839022 Cpl Russell Kirk was born to a farming family on 21st August 1896 in Berkeley, Grey County, Ontario. One of eleven children born to William and Martha, Russell had a learning disability, that resulted in him being illiterate. On account of this when nineteen year old Russell enlisted in the 147th (Grey) Battalion on 14th March 1916 he had to have the documentation read to him. Acknowledging what he'd heard, Russell left his mark where it was required, and his mark was dually noted by the attesting officer.

With no military infrastructure to house so many soldiers, Russell was billeted locally and with the crop growing season upon them he was granted a furlough to help out with the ploughing and seeding of the family farm. After his furlough was over he rejoined the unit that had left Grey County in early May for centralized training at Camp Niagara.

As the conditions in this Camp were wanting the unit was moved to the new training facility of Camp Borden in late June. It wasn't until the end of September that the unit finally received its orders to proceed overseas. After a short period of leave the unit left Camp Borden by train bound for the port of Halifax on October 6th. Unfortunately, they were detained in Amherst, Nova Scotia for over a month when a number of soldiers contracted Diphtheria. The unit finally sailed for Great Britain aboard the HMT Olympic on November 14th 1916.

On 1st January 1917, the 147th Battalion ceased to exist when it became the nucleus for the 8th Reserve Battalion, whose task it was to supply reinforcements to the 58th and 116th Battalions, as well as the 4th C.M.R. Private Kirk was taken on strength of the 4th C.M.R. on 22nd April 1917 in a reinforcement draft of over one hundred former 147th Battalion men after the Battle of Arras. Serving with the unit through the summer, Russell was with the unit during the Battle of Passchendaele. After the battle and the onset of winter offensive operations ceased, Russell was granted leave for the U.K. over the holiday season.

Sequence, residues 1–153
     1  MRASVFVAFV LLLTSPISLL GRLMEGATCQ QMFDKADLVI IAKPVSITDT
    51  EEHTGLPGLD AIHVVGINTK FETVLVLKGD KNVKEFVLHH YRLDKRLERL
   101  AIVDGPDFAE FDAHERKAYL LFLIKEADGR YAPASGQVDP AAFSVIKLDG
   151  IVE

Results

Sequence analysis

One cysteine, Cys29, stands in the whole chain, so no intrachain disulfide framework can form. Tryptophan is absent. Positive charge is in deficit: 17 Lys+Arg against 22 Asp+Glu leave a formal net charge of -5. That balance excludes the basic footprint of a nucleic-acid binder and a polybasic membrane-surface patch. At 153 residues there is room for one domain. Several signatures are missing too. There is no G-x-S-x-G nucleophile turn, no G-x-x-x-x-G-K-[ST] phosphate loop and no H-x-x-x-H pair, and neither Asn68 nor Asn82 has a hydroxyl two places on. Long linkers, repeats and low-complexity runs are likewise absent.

Returning to the 4th C.M.R. he served at the front through the German Spring Offensive and into the battles of the final 100 days. On 28th August, during the Battle of Arras 1918, Private Kirk was appointed to Acting Corporal when Corporal Williams died from the wounds he'd received two days earlier. Not the most rewarding way to obtain a promotion, but promotions of that type were far too frequent an occurrence during the war. Finally, the war ended on 11th November 1918, and Russell had survived over sixteen months of service with a frontline unit, having come through it all without any physical wounds, or recorded illnesses. A small miracle amongst so much pestilence and death.

It wouldn't be until March 1919 that the 4th C.M.R. would arrive home. Pulling into the North Toronto railway station, the unit paraded through the crowded streets to the University Armoury. Here all military decorum was lost, as well wishers broke into the ranks to greet their loved ones. Later that evening Russell made his way down to the exhibition grounds to be discharged.

839022 Corporal Russel Kirk was struck'off'strength of the 4th C.M.R. and the C.E.F. on 19th March 1919. Returning to Grey County, Russell married Florence Culp in 1920, where he made his mark on his marriage form. The couple would begin a family of their own and despite his disability Russell rose to become the manager of a large country estate.

Russell Kirk passed away on 20th August 1980, and was laid to rest in the Harkaway United Church Cemetery. His war time service is remembered on Markdale's war memorial.

Biography credit: George Auer, with thanks.